IG Report: Homeland Security's Travel Data Could Help Identify SSI Recipients outside the United States

FOR IMMEDIATE RELEASE
Contact: Jonathan Lasher
Phone: (410) 965-2671
 
The Social Security Administration (SSA) could potentially prevent hundreds of millions of dollars in overpayments by using travel data from the Department of Homeland Security (DHS) to identify Supplemental Security Income (SSI) recipients outside the United States, according to a recent report from SSA’s Office of the Inspector General (OIG).
 
SSI recipients are required to report to SSA changes that may affect their eligibility or payment amounts—including departures from the United States. Recipients are generally not eligible for payments once they are outside the U.S. for 30 consecutive days. However, some recipients may fail to report this information to SSA because they want to continue receiving SSI—and SSA is not currently able to identify these individuals in other ways.
 
For this report, DHS’ OIG matched selected SSI recipient data against a Customs and Border Protection system that collects travel data on individuals who enter and leave the United States. Based on that match, we estimated that about 35,000 SSI recipients received about $152 million they weren’t eligible to receive, because of unreported absences from the United States between September 2009 and August 2011. Moreover, if we had analyzed travel data for all SSI recipients, we estimated we could have identified an additional $289 million in overpayments.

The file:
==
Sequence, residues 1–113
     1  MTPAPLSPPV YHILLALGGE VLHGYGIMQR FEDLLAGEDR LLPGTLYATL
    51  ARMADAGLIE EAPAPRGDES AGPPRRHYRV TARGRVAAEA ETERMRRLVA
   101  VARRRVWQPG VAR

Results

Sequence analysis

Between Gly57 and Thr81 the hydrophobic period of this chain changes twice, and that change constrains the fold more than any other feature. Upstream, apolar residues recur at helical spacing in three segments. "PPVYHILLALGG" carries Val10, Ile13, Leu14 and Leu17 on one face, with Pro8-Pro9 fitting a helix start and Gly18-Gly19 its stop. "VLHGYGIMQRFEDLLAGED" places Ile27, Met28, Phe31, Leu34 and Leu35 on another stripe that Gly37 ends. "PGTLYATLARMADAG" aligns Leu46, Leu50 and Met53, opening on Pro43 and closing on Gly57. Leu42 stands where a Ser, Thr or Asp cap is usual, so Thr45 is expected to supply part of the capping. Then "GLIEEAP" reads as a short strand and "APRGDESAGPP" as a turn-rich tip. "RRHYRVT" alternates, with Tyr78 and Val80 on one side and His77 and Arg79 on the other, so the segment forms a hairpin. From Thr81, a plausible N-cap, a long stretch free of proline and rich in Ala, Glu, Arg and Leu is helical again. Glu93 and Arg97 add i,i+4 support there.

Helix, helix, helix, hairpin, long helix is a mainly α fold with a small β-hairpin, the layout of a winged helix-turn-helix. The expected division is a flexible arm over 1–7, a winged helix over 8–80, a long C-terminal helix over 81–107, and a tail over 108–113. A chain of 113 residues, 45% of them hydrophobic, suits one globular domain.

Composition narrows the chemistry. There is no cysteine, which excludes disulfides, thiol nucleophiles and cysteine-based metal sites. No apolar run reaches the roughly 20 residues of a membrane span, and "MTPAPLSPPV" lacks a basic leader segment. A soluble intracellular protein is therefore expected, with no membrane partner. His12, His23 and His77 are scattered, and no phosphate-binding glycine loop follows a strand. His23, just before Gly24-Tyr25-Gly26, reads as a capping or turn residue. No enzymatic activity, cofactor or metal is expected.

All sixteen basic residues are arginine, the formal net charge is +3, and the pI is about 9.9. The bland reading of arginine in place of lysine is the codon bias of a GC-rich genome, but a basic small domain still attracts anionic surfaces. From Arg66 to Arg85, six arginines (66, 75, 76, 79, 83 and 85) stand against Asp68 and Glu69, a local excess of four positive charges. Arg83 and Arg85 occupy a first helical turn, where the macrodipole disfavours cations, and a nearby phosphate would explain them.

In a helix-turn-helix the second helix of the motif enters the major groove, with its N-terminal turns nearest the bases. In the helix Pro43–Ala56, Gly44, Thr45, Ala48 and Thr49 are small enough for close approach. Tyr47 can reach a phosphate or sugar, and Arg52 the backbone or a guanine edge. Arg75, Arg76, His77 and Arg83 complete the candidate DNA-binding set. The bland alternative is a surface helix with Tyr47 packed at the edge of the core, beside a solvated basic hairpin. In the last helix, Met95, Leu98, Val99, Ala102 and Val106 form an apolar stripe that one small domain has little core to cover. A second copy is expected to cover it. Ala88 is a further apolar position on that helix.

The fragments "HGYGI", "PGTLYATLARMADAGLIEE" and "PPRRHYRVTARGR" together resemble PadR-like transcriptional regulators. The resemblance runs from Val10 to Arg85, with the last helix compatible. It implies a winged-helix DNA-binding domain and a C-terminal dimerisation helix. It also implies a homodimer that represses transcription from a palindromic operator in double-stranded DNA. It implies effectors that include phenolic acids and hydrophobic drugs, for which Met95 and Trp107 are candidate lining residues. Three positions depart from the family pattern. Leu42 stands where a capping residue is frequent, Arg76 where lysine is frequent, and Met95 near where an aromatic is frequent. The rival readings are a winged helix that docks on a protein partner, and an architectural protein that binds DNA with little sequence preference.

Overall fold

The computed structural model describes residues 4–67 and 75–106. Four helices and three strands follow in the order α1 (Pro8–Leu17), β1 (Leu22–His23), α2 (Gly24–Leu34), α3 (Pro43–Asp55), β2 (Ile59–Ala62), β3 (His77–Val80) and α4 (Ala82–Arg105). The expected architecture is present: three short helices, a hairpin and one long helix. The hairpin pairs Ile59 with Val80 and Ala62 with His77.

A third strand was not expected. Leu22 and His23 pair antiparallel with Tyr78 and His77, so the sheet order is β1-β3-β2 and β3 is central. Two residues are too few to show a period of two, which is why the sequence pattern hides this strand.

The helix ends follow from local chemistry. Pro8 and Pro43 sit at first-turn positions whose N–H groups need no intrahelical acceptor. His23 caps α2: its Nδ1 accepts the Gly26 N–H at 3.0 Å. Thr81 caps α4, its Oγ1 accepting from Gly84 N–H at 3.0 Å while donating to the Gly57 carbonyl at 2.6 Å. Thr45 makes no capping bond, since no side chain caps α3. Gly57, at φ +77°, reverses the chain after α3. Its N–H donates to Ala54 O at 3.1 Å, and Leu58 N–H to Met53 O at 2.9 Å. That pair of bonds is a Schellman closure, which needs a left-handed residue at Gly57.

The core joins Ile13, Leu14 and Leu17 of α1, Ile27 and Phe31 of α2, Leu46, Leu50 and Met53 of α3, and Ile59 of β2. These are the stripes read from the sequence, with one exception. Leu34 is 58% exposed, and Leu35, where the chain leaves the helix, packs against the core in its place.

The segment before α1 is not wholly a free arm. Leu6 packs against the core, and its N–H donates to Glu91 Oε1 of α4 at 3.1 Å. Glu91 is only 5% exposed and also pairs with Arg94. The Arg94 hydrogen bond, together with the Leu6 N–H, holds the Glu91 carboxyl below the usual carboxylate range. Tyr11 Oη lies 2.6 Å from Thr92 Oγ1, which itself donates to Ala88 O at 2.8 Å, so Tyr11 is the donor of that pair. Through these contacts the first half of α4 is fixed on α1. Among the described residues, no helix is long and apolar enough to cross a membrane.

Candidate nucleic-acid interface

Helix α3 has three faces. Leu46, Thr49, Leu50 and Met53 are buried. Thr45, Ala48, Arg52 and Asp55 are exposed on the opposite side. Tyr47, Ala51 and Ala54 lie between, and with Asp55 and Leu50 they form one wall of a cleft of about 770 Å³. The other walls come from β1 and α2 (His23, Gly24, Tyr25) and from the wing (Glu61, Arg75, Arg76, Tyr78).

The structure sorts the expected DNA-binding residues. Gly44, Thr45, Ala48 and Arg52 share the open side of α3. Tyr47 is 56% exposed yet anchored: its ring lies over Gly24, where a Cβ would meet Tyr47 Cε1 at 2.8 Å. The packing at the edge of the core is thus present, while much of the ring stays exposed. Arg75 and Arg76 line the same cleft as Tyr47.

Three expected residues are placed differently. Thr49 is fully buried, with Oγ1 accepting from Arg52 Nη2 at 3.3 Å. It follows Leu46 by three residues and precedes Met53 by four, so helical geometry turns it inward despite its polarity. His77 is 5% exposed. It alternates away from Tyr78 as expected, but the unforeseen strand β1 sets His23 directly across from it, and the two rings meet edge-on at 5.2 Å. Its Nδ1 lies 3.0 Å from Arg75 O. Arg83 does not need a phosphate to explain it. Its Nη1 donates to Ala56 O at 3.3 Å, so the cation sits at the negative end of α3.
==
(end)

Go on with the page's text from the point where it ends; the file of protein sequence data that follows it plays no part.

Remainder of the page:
For example, one SSI recipient was outside the United States for longer than six months, but did not report this absence to SSA.  Had SSA received travel data from DHS—instead of relying on self-reporting or identifying the overpayment during a scheduled redetermination—SSA would have been able to determine the recipient was overpaid at least $5,000.
 
Our report did identify various legal and technical challenges in obtaining and utilizing DHS data; and because of privacy restrictions, we could not provide our findings to SSA for assessing actual overpayments. In response to our report, however, SSA said it would reach out to DHS—and, if necessary, the Department of State—to attempt to create a process that provides the necessary information to identify SSI recipients outside the United States for more than 30 days. We noted in our recommendation that this effort could involve proposing legislative changes to facilitate the data match.
 
To view the full report, click here, or for additional information, contact Jonathan Lasher, Assistant Inspector General for External Relations, at (410) 965-2671.  Refer to Common Identification Number A-01-11-01142.